If someone accidentally pokes you in the eye, it hurts. But is it more painful if you believe he did it on purpose? Probably yes, according to the findings of a study in Psychological Science.
Kurt Gray and Daniel Wegner didn’t poke anyone in the eye, but they did set up a study calling for participants to receive electric shocks and then lured 43 students to participate with offers of course credit or cash.
At the beginning of the study, participants met their “partner,” who was casually introduced as another student but who was in fact in cahoots with the scientists.
Participants were then assigned several tasks including judging musical tones, matching colors, solving number problems and assessing discomfort levels in response to an electric shock.
The scientists cared only about the latter.
In this task, the student receiving the shock was asked to rate the pain on a 7-point scale, in which 1 meant no discomfort and 7 meant child birth. According to the study design, this rating took place just after scientists gave participants a rather key piece of information.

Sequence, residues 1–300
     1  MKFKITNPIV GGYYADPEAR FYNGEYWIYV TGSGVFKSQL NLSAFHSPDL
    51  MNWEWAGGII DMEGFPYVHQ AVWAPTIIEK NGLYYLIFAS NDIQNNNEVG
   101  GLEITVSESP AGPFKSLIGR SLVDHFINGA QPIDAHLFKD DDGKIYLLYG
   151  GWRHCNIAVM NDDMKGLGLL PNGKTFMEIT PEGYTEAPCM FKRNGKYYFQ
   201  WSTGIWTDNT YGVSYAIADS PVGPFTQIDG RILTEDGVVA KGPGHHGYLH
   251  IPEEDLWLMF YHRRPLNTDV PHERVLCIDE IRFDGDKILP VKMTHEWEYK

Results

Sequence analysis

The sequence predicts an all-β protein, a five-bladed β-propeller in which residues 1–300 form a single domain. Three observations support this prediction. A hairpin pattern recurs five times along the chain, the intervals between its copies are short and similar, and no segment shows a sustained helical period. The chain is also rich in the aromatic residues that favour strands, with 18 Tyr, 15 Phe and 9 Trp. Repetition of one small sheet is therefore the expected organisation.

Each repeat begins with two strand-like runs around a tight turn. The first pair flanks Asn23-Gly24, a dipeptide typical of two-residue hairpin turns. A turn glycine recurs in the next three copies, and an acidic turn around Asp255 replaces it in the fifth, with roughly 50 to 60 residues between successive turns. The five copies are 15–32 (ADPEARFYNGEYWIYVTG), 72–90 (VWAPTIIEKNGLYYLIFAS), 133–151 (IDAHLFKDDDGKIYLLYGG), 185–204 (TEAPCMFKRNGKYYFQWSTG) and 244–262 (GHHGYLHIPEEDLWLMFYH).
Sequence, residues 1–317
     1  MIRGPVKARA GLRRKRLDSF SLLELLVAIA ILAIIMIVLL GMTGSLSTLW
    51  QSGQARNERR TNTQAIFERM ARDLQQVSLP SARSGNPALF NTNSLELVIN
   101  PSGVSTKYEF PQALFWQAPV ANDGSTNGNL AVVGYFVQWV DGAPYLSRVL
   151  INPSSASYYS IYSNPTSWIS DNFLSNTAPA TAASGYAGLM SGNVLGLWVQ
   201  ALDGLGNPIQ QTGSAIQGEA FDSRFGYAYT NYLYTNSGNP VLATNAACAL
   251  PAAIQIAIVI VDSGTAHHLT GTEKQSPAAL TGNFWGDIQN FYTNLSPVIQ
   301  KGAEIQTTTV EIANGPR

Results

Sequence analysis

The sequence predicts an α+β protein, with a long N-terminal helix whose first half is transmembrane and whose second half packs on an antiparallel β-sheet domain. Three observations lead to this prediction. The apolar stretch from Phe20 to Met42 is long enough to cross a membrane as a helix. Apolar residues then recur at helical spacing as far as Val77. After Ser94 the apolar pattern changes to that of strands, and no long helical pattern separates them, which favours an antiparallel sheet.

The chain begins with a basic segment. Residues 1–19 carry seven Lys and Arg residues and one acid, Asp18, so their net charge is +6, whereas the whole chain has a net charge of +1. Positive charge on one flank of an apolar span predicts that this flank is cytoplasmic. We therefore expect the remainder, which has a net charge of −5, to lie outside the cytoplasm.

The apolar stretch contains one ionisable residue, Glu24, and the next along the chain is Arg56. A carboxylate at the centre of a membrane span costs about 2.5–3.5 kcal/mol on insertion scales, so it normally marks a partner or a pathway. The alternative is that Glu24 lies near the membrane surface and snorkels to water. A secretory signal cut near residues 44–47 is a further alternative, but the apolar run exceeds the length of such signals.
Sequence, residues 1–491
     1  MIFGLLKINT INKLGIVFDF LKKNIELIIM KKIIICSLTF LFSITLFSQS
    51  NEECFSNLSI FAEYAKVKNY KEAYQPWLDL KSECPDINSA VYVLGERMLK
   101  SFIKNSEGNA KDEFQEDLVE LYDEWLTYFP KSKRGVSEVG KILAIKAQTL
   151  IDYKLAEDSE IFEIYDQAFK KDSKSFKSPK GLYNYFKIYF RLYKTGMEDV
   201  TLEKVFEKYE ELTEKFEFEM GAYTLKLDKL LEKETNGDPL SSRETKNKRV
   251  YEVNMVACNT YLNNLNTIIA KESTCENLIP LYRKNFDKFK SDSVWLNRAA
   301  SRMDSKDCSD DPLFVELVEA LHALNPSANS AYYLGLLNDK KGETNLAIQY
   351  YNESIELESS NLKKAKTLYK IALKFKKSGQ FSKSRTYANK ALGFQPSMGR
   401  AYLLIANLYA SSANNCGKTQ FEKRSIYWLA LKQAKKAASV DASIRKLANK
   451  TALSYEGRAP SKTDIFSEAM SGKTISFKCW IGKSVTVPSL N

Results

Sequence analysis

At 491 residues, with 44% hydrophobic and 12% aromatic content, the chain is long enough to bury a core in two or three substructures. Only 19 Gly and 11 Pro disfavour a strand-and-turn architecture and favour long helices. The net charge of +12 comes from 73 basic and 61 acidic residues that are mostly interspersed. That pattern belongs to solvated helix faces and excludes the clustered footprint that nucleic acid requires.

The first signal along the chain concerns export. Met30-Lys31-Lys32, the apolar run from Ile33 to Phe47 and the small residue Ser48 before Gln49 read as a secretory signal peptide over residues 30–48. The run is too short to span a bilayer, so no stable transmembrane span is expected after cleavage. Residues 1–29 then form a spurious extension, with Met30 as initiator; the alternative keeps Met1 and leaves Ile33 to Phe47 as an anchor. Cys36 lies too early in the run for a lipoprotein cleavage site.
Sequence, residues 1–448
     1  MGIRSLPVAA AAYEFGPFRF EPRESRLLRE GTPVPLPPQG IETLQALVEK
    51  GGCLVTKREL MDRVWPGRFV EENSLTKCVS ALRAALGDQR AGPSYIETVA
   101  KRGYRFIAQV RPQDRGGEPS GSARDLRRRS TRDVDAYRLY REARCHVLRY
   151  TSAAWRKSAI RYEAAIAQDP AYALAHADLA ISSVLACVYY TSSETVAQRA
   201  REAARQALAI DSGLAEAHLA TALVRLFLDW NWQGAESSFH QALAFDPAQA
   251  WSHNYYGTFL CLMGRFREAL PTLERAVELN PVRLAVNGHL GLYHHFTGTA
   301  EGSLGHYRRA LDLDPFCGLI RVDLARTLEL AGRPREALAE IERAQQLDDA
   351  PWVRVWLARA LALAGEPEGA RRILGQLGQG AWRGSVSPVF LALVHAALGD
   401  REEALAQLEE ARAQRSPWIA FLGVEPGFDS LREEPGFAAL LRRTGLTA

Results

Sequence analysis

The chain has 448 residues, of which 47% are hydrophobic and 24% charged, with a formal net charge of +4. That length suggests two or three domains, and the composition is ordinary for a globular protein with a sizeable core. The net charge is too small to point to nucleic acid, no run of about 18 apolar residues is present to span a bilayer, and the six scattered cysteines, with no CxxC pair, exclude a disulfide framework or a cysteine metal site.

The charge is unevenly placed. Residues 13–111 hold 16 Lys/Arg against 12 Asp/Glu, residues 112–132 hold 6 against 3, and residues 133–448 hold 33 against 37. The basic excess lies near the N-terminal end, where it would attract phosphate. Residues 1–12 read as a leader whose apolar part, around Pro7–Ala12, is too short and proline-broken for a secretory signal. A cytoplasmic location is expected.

Half the time, the scientists informed participants that their study partner signed them up for the shock test. The rest of the time, scientists told the participants their partner chose a non-shocking task for them but the trial design called for the decision to be reversed and the shock to be administered.
Students rated the pain they thought was administered intentionally as a 3.62. They rated the unintentionally administered pain at 3.00.
As well, pain associated with shocks perceived to be unintentional decayed with time, but there was no attenuation when the pain was perceived to be deliberate.